After England’s magical World Cup run came to an end yesterday, a flood of “it’s coming home” jokes finally turned against them.
Speaking after their 2-1 semi-final win, Croatia’s own players told media they had used the constant crowing of English fans as motivation.
Dejan Lovren and Luka Modric were joined by coach Zlatko Dalic in saying their side had “extra motivation”.
“Maybe the English team should have respected us more, especially when you consider where our players play their football, but this is football and sport,” Dalic says.
The 1996 anthem “Three Lions” has become a rallying cry for England, especially the “it’s coming home” lyric, yet in today’s episode of Squeaky Bum Time, RNZ’s FIFA World Cup podcast, Towle says it’s a little misunderstood.
“Very few of us were singing ‘football’s coming home’ because we genuinely believed we would win the World Cup … we were singing the song because this has been a rare moment in England’s history when it’s been fun to support the team,” he says.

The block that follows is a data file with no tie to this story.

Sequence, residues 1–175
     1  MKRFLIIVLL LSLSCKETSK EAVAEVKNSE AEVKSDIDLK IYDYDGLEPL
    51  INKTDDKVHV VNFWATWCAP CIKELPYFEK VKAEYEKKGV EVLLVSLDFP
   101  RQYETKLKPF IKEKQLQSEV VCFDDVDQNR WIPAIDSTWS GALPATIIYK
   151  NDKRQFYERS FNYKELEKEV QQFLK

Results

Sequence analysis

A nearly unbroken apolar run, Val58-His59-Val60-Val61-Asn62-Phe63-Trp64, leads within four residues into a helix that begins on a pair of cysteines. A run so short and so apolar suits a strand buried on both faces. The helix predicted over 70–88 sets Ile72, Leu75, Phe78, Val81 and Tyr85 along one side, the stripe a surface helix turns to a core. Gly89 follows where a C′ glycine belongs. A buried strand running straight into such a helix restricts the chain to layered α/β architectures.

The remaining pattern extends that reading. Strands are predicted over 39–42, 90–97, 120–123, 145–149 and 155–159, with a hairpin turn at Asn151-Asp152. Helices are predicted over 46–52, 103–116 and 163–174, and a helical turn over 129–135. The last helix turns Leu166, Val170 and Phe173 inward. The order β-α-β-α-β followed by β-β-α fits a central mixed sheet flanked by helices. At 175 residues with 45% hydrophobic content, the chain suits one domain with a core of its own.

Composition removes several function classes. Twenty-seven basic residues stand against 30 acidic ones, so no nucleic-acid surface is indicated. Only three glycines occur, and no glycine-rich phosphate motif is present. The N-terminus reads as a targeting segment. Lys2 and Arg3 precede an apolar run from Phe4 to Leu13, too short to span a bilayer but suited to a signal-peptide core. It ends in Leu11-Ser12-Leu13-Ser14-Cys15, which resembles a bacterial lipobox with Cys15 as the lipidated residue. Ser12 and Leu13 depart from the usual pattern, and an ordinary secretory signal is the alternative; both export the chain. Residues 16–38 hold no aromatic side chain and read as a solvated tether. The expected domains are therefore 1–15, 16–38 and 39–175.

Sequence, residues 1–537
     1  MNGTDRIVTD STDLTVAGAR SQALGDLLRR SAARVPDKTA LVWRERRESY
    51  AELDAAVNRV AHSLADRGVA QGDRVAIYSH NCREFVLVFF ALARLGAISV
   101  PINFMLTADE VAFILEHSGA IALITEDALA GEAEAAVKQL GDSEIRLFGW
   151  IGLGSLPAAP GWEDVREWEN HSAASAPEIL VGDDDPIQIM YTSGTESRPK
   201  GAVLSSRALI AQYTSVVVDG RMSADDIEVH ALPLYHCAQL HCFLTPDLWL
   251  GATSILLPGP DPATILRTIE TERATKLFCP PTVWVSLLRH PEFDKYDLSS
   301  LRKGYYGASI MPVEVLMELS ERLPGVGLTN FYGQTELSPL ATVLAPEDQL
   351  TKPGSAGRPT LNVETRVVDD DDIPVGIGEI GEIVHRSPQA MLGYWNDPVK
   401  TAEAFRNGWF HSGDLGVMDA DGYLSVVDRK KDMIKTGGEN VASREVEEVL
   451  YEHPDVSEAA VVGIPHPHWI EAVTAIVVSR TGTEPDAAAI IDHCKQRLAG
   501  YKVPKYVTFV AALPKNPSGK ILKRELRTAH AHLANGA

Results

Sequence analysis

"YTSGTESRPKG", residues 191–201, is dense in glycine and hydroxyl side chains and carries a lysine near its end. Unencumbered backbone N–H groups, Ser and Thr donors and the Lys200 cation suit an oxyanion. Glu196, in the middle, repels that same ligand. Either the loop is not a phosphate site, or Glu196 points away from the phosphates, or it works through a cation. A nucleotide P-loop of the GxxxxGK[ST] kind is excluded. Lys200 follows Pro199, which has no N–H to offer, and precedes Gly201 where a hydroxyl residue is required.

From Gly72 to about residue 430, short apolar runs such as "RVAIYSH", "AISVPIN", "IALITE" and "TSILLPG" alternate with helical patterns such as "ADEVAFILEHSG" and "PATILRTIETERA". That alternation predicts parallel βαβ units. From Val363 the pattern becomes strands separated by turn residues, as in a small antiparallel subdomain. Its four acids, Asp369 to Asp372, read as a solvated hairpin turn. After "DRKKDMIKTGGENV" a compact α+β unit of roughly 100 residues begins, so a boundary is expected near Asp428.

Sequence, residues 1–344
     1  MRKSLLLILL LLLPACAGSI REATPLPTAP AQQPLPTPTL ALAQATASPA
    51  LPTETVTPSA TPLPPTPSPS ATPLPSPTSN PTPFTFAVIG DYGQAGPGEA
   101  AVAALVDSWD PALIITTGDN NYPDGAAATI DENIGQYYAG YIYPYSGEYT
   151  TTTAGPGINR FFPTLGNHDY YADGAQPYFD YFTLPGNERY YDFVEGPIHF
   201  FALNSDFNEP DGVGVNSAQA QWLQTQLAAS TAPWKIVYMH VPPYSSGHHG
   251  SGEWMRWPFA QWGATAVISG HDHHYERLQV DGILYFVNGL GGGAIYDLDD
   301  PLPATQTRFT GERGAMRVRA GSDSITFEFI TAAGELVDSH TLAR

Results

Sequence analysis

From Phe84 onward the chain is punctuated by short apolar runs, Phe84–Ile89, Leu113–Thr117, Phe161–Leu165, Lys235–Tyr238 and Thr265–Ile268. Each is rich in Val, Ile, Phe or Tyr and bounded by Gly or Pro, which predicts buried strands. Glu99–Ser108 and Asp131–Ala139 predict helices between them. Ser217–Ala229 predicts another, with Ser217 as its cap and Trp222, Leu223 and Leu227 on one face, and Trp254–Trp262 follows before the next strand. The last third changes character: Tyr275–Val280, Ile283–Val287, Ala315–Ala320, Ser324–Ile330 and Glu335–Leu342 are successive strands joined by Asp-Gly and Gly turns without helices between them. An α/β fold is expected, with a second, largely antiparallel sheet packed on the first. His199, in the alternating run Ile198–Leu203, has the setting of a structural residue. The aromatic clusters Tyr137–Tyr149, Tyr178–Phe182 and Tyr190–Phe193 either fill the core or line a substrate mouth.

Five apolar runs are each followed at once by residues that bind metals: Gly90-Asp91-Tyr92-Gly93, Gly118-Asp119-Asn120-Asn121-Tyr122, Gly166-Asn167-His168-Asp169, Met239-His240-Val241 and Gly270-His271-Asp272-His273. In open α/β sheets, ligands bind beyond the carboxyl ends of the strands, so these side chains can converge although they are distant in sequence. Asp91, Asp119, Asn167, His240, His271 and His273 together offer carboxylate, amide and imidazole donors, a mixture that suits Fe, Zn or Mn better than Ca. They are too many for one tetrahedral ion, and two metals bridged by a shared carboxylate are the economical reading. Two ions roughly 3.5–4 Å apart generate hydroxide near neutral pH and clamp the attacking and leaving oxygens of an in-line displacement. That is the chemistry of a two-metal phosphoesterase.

“You don’t sing when you’ve won, you sing when you’re winning.”
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Donovan also believes there is an irony in the chant that relates to the country’s attitude to football.
“There is an undercurrent of tragedy that runs through English football - this narrative of constant unfulfilled potential and expectations and shattered dreams,” he says.
However, Macintosh says there is an element of truth in Croatia’s attitude. He says, while the actual football team didn’t seem to get carried away with its own hype, the English media did.
“I don’t think we saw any signs of arrogance in the English camp … but as for the rest of us? Guilty as charged. It was fun. People were excited,” he says.
“I think the ‘it’s coming home’ thing was like whispering something that you’re not allowed to whisper - like having a cheeky, naughty bit of hope for once.”
Macintosh says 2004 felt like the last time England was optimistic and fully backed its national team.
He believes this side has shown it has the makings of being a successful tournament team, and will learn the lessons of 2018.
Also in the episode, the panel look ahead to Monday’s final, and asks whether Croatia has a chance of beating the overwhelming favourites, France.